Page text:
September 14, 2019, is the compliance deadline for the EU’s second payment services directive, PSD2. The payment industry is full of companies — including banks and business merchants — ensuring they have all the pieces in place by then. (If you’re at all unclear on PSD2, check out this post on the subject.)
E-commerce merchants are especially concerned about whether the payment services they use comply with the new directive. If not, merchants must either deal with declined payments (and risk losing customers) or search for a new payment service that is PSD2 compliant. Millions of merchants use Square for payment processing and are wondering whether Square is PSD2 compliant.
What does it mean to be PSD2 compliant?
In short, PSD2 compliance requires payment services to use strong customer authentication (SCA) for online payments, where a substantial amount of fraud occurs. You can learn more about SCA in this post. Basically, SCA is an authentication process that verifies the identity of the person making a purchase, which helps make online payments more secure.
A key component of the new regulation is a security protocol called 3D Secure 2.0, which is the best method of online verification and satisfies the PSD2 requirement for strong customer authentication. Any payment processor that can facilitate SCA through 3D Secure 2.0 is considered PSD2 compliant. (You can learn more about 3D Secure 2.0 in this post.)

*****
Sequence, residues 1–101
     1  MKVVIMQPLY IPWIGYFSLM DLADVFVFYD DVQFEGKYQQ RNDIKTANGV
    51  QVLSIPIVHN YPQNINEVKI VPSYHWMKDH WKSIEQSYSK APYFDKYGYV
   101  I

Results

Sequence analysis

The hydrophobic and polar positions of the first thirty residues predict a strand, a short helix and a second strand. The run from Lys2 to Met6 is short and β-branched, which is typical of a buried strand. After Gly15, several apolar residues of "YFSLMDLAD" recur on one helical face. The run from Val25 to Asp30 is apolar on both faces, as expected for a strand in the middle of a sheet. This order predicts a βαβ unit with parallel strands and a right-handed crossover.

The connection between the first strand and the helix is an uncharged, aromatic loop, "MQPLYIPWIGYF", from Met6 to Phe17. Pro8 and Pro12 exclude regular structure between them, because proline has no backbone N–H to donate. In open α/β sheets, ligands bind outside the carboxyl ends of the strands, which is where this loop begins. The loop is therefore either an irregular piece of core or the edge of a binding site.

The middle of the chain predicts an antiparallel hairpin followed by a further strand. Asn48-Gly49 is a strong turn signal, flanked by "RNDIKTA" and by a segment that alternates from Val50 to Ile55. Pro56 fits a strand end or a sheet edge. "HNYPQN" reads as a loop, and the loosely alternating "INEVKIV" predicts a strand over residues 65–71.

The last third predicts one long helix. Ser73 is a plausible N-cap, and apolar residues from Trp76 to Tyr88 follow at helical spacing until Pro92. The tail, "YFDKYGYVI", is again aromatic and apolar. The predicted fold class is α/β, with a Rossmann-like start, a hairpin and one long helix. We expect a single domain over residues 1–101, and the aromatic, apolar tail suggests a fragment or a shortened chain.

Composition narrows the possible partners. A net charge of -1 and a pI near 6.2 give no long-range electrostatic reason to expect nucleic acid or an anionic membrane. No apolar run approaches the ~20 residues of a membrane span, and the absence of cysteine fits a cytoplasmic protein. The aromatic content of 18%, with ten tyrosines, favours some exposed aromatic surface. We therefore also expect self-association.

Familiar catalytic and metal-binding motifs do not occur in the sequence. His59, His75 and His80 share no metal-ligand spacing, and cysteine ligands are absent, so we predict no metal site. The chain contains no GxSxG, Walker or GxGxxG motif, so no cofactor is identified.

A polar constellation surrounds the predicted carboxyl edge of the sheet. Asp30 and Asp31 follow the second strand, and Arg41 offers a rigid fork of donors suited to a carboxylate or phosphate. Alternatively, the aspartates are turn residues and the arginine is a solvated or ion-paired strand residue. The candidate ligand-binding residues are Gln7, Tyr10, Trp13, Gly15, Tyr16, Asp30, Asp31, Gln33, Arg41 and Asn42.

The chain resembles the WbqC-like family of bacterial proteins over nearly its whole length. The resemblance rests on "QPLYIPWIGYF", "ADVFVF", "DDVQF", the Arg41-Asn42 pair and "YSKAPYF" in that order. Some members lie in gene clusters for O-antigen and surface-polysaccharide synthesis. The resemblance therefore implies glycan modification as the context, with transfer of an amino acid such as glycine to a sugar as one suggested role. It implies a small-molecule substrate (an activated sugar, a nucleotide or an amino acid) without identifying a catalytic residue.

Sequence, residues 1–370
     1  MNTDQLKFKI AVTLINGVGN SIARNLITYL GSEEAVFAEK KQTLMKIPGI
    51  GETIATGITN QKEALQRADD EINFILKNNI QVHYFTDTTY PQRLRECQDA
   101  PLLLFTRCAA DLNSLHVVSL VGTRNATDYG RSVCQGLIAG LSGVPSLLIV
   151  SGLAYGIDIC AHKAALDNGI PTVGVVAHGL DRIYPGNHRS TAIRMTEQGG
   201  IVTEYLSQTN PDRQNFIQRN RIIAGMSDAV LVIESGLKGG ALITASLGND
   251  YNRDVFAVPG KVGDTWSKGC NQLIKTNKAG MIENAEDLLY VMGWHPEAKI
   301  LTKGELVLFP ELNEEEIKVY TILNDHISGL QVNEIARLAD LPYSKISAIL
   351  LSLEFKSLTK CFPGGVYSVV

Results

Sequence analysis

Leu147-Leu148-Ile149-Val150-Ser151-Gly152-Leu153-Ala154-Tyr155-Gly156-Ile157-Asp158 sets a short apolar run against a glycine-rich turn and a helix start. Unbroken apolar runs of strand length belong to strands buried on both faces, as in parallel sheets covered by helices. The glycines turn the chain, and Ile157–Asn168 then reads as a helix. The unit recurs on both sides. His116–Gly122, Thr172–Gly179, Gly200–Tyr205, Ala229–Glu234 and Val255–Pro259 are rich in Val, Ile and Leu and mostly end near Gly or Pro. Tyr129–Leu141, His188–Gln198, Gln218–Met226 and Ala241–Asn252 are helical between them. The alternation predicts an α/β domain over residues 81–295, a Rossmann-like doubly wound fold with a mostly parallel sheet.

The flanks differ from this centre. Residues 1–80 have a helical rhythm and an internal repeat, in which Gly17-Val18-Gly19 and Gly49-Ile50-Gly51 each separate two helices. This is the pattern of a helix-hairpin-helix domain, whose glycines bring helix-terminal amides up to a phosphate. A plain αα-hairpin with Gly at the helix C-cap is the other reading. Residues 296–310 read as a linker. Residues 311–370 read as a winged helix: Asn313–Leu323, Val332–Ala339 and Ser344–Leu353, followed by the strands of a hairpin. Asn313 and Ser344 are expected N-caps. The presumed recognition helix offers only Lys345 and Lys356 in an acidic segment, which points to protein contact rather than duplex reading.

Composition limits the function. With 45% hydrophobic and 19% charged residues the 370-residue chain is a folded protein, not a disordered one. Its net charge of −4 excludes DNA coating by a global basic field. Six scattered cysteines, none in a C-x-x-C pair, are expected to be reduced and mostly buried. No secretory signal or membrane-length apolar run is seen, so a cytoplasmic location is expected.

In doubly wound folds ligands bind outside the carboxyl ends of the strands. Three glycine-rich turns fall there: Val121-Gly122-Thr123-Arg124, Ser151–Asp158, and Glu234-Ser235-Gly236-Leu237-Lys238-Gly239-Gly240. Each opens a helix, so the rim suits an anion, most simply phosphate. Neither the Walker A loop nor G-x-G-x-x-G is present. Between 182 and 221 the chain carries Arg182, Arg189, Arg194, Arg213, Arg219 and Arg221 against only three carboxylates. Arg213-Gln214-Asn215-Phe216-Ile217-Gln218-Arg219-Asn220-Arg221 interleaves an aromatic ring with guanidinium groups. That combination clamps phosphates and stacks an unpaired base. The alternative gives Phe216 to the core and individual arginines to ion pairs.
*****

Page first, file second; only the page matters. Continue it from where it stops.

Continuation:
Square’s PSD2 compliance
PSD2 compliance with Square is undetermined
As of July 2019, unlike other payment companies, Square has made no official declaration about whether it’s PSD2 compliant. Most payment processors, gateways, and facilitators have announced their plans for PSD2 by now, even if they don’t plan to abide by its regulations.
However, the fact that Square hasn’t made an announcement isn’t surprising. Square started in the U.S. in 2009 and didn’t even make its way into Europe until 2017, when it opened for business in the U.K. This TechCrunch article on Square’s European debut talks about Square’s focus on small and medium-sized businesses (SMBs) “that have yet to take card payments of any kind,” which represented about half of SMBs in the U.K. at that time.
Several other payment companies have made their way into Europe, including PayPal, SumUp, and iZettle. Given Square’s late-entrant status and unfamiliarity with Europe, especially in the wake of changes in the payment landscape from PSD2, it’s inconclusive whether Square will seek compliance.
But that’s only an educated guess. As the deadline for PSD2 draws nearer, many payment companies will be scrambling for compliance; Square might just be one of them.
In the meantime, if you’re wondering how you can become PSD2 compliant, check out this in-depth guide on the topic. It includes information on the first PSD, SCA, SCA exemptions, and efforts you can take to become compliant.